Book Title and Author: Beware That Girl by Teresa Toten
General Thoughts: Upon reading this book’s description, I got Pretty Little Liars vibes from it and was intrigued by the mystery, thriller aspect of the plot. Beware That Girl tells the story of Kate and Olivia, two high school seniors become best friends after meeting at their elite all-girls high school in New York City. Each girl has her secrets and bonds over those secrets as they unfold. The reveal of these secrets is one aspect that moves the plot along, and the other significant aspect concerns a new male staff member from the school and the role he plays in the students’ and faculty/staff’s lives.
The story was well-written, and the alternating points-of-view from Kate and Olivia were effective. But I wanted a more in-depth look at Olivia’s story and how she developed into the character she is. That’s not to say readers don’t learn about Olivia and her past, but it wasn’t as thorough as the background provided for Kate. It felt a tad underwhelming for a thriller, but, albeit somewhat expected, the ending provided an interesting twist.
Book Title and Author: The Summer I Turned Pretty by Jenny Han
General Thoughts: Last month I read the first book in Jenny Han’s Summer trilogy, which revolves around Belly and her summers at Cousins Beach. Every summer she heads to the beach house where she, her brother, and her mom spend time with the Fisher family: Susannah (her mom’s best friend) and her two sons, Conrad and Jeremiah. As hinted by the book’s title, this particular summer is different for several reasons, one of which is that she’s finally being noticed by boys, Jeremiah and Conrad included. It’s in this book that Belly also starts to realize that everything in this perfect summer beach house with her favorite people isn’t as perfect as it seems. Overall, the book is a decent story of coming-of-age that features a love rectangle between her, Jeremiah, Conrad, and Belly’s summer fling Cam. Han’s characters are all quite different and bring something distinct to the story. As the young, naive protagonist, Belly can be annoying but is relatable sometimes. Perhaps she’s less relatable and more annoying to me as a 23-year-old, though.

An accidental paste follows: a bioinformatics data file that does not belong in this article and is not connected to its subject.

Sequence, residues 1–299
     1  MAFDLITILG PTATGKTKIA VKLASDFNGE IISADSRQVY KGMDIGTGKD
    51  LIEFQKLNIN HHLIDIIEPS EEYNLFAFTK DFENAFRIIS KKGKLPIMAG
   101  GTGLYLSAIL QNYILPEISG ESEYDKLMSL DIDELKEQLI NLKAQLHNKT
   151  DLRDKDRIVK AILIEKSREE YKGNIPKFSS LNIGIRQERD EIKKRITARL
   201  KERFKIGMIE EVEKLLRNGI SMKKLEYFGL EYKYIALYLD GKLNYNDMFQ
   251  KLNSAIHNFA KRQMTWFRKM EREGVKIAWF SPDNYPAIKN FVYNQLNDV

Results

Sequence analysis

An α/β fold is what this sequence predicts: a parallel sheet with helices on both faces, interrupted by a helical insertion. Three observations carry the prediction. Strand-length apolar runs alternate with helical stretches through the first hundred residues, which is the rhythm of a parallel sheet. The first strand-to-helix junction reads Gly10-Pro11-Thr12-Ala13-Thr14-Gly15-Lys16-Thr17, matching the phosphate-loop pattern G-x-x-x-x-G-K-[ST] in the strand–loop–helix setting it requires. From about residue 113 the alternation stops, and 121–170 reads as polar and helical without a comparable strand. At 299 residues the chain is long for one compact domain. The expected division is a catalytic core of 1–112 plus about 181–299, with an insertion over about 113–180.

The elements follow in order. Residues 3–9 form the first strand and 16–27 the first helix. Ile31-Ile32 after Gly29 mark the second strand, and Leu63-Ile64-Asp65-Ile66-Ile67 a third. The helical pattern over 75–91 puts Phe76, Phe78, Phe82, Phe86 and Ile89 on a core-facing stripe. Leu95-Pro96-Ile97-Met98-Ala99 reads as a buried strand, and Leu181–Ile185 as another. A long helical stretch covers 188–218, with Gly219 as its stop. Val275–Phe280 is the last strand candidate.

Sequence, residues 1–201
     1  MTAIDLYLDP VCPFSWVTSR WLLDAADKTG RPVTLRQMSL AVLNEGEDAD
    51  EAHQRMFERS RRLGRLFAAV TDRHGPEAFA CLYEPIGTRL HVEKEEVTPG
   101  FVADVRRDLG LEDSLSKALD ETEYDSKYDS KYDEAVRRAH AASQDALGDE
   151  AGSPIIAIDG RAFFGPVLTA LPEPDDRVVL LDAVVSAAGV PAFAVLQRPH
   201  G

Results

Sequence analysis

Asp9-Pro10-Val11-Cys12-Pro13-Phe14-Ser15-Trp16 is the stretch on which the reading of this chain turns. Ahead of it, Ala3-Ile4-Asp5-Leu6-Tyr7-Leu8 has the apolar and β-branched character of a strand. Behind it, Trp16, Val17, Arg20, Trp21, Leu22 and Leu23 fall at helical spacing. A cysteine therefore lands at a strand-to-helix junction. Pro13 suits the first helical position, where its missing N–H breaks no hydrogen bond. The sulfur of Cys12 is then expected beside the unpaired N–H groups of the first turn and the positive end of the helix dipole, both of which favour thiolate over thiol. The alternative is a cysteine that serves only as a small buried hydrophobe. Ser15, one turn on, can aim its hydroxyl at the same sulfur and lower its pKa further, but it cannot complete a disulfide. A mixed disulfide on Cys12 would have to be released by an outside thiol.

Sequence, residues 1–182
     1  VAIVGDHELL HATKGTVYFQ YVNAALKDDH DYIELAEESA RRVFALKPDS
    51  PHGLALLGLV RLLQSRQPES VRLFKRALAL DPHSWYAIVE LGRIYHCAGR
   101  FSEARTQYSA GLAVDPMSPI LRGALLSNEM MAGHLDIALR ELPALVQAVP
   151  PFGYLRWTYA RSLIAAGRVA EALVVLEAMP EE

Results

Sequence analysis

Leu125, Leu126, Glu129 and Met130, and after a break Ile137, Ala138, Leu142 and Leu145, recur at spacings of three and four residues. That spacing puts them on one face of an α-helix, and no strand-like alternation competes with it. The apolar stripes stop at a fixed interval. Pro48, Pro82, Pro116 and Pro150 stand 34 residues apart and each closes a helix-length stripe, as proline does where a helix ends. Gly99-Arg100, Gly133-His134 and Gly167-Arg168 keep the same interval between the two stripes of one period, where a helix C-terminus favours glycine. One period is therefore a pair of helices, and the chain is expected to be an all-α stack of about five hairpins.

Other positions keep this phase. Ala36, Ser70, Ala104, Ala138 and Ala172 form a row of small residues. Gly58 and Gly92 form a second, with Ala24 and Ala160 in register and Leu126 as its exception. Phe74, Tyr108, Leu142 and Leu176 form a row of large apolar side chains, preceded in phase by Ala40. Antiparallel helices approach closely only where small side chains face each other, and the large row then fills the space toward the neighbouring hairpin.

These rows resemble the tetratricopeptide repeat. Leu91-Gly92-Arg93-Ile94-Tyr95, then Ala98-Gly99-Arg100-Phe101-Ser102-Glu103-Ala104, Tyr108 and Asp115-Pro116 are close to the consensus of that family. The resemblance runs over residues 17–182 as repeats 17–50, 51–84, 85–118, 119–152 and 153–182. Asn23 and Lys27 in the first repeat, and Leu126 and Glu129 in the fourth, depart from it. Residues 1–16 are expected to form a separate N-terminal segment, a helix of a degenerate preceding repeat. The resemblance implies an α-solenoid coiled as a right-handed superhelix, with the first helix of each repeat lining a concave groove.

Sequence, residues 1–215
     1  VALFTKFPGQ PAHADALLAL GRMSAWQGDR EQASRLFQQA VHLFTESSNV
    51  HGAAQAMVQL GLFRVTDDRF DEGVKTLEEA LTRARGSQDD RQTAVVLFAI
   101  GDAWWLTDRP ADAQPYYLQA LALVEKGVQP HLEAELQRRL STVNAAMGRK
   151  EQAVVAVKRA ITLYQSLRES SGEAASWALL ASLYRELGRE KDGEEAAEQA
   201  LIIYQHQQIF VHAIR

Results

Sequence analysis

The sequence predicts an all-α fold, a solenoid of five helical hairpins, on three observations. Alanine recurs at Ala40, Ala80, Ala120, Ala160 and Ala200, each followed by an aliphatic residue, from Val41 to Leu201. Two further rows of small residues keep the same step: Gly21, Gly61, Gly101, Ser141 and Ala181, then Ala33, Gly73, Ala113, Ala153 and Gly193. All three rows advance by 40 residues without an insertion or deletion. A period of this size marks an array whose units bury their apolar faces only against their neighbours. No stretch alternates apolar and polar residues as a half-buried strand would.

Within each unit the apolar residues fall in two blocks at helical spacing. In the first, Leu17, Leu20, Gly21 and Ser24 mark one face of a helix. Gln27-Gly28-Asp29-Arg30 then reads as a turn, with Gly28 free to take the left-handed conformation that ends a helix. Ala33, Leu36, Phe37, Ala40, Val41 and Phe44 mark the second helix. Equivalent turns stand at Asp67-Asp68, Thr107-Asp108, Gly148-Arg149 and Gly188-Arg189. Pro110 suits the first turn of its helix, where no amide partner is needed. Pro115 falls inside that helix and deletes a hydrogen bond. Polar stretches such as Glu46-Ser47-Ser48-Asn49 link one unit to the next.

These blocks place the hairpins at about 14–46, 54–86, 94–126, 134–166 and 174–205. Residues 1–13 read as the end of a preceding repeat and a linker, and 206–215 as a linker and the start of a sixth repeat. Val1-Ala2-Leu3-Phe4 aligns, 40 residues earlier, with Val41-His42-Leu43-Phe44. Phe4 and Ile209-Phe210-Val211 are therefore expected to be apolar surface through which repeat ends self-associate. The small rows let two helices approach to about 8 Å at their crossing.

General Thoughts: This month I changed things up and started reading short stories before bed. More specifically, I read 100 Great Short Stories: Selections from Poe, London, Twain, Melville, Dickens, Joyce and Many More, which contains some of the best short stories that literature has to offer—many of which I have read before but some that were new to me. I obviously won’t recap each individual story, but I will talk about two of my favorites: “Tell-Tale Heart” by Edgar Allan Poe and “Young Goodman Brown” by Nathaniel Hawthorne.
Poe’s piece is written in his signature gothic horror style, opening with a narrator telling the story of a murder he committed due to his fear of the man’s “vulture” eye. What is interesting is that you learn almost nothing about who the narrator is, nor who the victim is, yet the narrator meticulously details his thoughts and emotions throughout the story as well as his obsession with this man he is going to kill. It’s a great look into how mental deterioration manifests and has a unique ending that you won’t soon forget.
“Young Goodman Brown” is set in 17th century New England and follows the journey of Goodman Brown, who ventures into the forest and is tempted by the Devil. After a night on the dark side and the realization that many of his fellow townsmen are sinners, Brown loses his faith in humanity and lives the rest of his life in a state of despair. The story is widely seen as an allegory for mankind and how easily corruptible it is. The best part of these two stories, as well as the other stories in this collection, is that you can interpret them many different ways. They also make for great discussion!